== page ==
- Allowing extra time at the end of the journey to recharge.
The return to driving has been gradual; don’t expect that everything will be the same as it was before the concussion when you get back behind the wheel.
Safe driving requires more than just physical driving ability.
Driving safely requires a lot more than simply having good vision and coordination. Waka Kotahi (NZ Transport Agency) note that safe drivers are:
- Able to react quickly,
- Make rapid decisions, and
- Aware of what else is happening on the road around them.
However, these skills can be compromised by head injuries, as I certainly found.
The concussion meant I found it very difficult to process things at normal speed, let alone be able to make rapid decisions and react quickly. Information was taking much longer to process, and sometimes, I simply could not make a decision. Not a great state to be in when behind the wheel of a moving vehicle.
I struggled with attention. Taking in information, storing that away and recalling it again even a few seconds later was difficult. When conversing with friends and family or joining a meeting at work, simple techniques provided support here, such as:
- Taking a few minutes before to write down what I wanted to say meant that nothing would get missed.
- Taking notes as the conversation continued so I didn’t have to decide between giving attention to the conversation or the memory.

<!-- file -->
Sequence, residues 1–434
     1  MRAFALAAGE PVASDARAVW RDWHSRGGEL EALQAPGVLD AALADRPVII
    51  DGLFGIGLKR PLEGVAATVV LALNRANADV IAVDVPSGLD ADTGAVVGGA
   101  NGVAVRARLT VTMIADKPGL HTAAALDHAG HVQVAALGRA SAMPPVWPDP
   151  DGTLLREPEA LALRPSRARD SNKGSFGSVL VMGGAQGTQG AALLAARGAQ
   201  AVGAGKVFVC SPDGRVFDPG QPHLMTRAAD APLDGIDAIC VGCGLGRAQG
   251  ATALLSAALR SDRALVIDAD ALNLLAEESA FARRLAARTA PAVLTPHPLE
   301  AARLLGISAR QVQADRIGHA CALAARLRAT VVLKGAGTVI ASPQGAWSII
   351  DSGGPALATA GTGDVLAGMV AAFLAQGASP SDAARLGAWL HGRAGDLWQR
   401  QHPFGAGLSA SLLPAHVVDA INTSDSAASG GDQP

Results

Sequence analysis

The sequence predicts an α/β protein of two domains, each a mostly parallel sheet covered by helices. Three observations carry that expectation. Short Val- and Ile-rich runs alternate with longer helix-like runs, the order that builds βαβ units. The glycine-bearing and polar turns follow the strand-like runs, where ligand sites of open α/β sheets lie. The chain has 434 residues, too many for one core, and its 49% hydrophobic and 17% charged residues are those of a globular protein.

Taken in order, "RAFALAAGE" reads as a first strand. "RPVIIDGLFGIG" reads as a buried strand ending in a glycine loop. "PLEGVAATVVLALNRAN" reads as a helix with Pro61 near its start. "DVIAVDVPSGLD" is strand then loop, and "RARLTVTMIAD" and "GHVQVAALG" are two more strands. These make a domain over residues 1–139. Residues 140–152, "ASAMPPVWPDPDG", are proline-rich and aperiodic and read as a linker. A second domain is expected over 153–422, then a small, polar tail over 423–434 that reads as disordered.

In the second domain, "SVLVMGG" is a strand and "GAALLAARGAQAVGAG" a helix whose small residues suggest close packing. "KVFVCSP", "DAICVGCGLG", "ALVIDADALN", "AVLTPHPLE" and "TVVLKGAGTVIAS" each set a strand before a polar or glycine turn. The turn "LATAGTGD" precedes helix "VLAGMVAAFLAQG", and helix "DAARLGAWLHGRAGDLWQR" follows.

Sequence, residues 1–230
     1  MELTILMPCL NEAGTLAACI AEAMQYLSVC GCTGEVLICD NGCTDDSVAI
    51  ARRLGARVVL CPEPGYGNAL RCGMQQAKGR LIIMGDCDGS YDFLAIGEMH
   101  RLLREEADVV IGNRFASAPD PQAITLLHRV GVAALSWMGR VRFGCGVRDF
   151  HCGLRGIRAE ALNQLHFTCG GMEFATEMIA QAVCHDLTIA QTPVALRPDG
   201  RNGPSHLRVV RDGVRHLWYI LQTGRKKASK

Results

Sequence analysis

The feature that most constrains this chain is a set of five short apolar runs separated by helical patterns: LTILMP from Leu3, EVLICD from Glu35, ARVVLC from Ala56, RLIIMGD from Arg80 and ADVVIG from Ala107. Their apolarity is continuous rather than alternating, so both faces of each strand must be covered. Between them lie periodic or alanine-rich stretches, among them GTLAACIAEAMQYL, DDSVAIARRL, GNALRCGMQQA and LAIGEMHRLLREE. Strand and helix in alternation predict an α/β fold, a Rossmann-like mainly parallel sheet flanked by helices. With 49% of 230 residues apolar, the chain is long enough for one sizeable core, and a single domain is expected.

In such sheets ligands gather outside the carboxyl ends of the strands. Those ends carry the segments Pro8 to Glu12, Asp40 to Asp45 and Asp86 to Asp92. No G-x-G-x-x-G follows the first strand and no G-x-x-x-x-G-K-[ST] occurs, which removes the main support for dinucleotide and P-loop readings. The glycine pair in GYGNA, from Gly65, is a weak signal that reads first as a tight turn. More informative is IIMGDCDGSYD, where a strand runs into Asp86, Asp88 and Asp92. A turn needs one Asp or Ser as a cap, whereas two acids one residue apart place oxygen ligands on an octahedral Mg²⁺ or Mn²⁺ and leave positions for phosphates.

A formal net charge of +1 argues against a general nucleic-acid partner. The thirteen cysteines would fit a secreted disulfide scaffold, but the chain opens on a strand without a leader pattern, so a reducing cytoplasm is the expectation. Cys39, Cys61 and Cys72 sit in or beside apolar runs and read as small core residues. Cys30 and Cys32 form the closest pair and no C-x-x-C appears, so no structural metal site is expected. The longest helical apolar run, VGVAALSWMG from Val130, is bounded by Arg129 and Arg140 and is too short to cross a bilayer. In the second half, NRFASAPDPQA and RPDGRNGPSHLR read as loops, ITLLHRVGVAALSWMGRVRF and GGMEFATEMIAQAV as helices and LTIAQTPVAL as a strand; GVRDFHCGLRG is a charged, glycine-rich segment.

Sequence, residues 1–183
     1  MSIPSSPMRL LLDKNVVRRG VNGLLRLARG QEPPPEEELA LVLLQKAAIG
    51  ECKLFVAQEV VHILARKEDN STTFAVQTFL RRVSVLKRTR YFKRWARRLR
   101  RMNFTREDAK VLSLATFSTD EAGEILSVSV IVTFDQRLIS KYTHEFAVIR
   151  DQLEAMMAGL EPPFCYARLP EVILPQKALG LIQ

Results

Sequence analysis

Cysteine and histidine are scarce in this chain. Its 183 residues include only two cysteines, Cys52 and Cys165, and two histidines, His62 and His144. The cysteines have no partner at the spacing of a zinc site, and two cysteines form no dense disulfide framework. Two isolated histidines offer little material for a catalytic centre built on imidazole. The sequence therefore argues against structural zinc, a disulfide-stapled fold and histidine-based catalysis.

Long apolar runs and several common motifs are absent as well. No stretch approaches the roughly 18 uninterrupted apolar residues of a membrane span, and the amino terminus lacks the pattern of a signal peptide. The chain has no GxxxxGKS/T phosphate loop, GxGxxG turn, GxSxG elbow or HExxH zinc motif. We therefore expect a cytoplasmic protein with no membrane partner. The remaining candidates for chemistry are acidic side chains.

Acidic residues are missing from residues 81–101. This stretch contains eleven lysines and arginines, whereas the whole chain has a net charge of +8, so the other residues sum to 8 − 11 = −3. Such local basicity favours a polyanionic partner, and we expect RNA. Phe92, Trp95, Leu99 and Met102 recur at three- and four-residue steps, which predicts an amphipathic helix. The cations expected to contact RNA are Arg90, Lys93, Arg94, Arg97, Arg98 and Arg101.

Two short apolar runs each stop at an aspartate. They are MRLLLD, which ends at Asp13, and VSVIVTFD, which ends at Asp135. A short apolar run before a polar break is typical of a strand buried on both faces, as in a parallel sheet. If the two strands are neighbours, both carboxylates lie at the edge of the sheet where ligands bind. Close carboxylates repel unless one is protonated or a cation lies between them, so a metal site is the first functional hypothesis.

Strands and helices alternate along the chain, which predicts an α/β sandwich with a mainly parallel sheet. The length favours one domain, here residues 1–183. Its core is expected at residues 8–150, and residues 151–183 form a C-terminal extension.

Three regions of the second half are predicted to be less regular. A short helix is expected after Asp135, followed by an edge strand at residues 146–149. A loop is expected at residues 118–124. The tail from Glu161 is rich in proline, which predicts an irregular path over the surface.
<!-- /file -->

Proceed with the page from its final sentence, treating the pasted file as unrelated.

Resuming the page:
These techniques don’t work when driving though. You don’t have the luxury of time to take notes of what you’re seeing around you, nor the time to refer back to those notes later.
When driving, you’re keeping an eye on the other vehicles, the cyclist ahead, the pedestrians nearing the crossing – all that information has to be held in your brain and retrieved to make safe choices. If I’m not able to do that well –should I be driving?
Can driver training support your return to driving?
Customers have told me in the past that Fleetcoach has helped them return to driving post-accident. In my return to driving, I’ve been using our training in much the same way as they did.
I mentioned earlier that my confidence in driving took a hit as a result of the concussion. In those few days between when it was decided I could drive again and I actually had the confidence to drive, I took the Fleetcoach Skills Awareness course.
As the course provides real-world driving scenarios, it allowed me to practice and assess those skills I’d need on the road in a safe environment. There were two key things I was looking for to give me the confidence I was ok to drive:
1. Could I still effectively identify hazards and risky situations when driving?
2. Was I able to maintain those skills fora suitable period of time?
The Skills Awareness course took me through a series of different scenarios to answer my first question. The ability to work through those scenarios over an extended period of time gave me the confidence in answering question two, that I was not only performing the skills well, but I was able to maintain that level for a length of time that was longer than the trips I was planning.
Despite the frustrating setbacks, the last three months have been an incredible time of growth, and things could have been much worse. If you or a loved one is going through something similar, reach out to the support available to you. If driving is an aspect of recovery you are struggling with, checkout for yourself just how beneficial our Fleetcoach modules can be in supporting you on your journey to getting back behind the wheel.